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Dublin: 2 °C Tuesday 25 September, 2018
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Today is Nollaig na mBan - what's that all about?

Besides taking down the decorations.

Image: Dominic Lipinski

IT IS 6 January, which means two things – Nollaig na mBan and the “official” end of Christmas.

But what is Women’s Christmas?

Well, in the Christian calendar the day is called the Feast of the Epiphany, the day when the three wise men are said to have arrived at the stable in Bethlehem to visit the baby Jesus.

But here in Ireland, it’s a day for getting your decorations down and has long been recognised as a day for celebrating the contribution of Irish women to society. It started as a day of rest for many women after the Christmas rush and many would gather in pubs or homes while men stayed at home.

According to the Dublin Visitor Centre, the day was given to women as a “reward”.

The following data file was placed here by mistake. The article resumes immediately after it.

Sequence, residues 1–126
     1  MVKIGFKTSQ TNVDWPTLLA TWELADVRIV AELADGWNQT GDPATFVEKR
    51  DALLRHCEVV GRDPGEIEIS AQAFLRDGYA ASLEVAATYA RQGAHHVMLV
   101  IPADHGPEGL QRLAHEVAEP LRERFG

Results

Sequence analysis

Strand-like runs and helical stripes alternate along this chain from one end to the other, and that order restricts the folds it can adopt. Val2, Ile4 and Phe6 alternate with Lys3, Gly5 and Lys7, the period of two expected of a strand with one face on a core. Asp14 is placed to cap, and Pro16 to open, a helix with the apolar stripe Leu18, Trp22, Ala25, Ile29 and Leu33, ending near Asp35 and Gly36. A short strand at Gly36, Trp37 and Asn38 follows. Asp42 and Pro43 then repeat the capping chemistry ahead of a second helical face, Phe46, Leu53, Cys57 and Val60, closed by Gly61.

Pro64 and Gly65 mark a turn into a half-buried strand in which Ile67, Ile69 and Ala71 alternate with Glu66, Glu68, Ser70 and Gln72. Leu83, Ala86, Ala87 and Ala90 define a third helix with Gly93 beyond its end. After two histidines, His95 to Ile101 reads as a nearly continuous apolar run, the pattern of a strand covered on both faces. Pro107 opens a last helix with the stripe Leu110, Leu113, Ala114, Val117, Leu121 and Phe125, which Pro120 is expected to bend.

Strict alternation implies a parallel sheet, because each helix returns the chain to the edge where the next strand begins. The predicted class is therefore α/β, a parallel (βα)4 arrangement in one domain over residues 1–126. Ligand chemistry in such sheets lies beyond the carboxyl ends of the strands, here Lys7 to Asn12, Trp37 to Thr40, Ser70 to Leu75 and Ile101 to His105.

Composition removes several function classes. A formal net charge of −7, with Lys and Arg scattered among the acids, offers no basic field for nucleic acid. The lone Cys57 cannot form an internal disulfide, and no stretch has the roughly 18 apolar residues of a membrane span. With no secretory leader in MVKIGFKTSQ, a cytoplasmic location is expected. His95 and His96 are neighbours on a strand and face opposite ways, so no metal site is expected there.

In 2016 domestic duties are more evenly shared however Nollaig na mBan or Women’s or Little Christmas is a day when women gather together to have their annual Christmas post mortem and discuss the upcoming year ahead.

This year, Orla O’Connor the director of the National Women’s Council of Ireland is calling on women to use the day to lobby the Department of Justice on the new National Women’s Strategy.

Issues such as abortion, violence against women and the gender pay gap dominated the news in 2016. It is clear that we are a long way off achieving our vision for women’s equality. The new National Women’s Strategy 2016 – 2020 represents a real opportunity to reflect on the diversity of women’s experiences. It is an important moment for women to have their voices heard, and to an ambitious strategy which sees us achieve a feminist future by 2020.

From Cork to Omagh, county and city councils have commissioned light installations and events that will take place across four days as part of the Illuminate Herstory event, which runs until Sunday.

Founder and director of HerStory, Melanie Lynch, is asking people to get involved by hosting their own Illuminate Herstory event to celebrate the women they love:

“Nollaig na mBan is a treasured Irish tradition, especially in rural Ireland,” she said.

“In the dark month of January we chose the theme of light. We want to start the year with optimism and hope, as we strive for equality for all.”

Breast Cancer Research are asking women to get together to raise funds today.

Read: 8 easy ways to celebrate the wonderful Irish women in your life today

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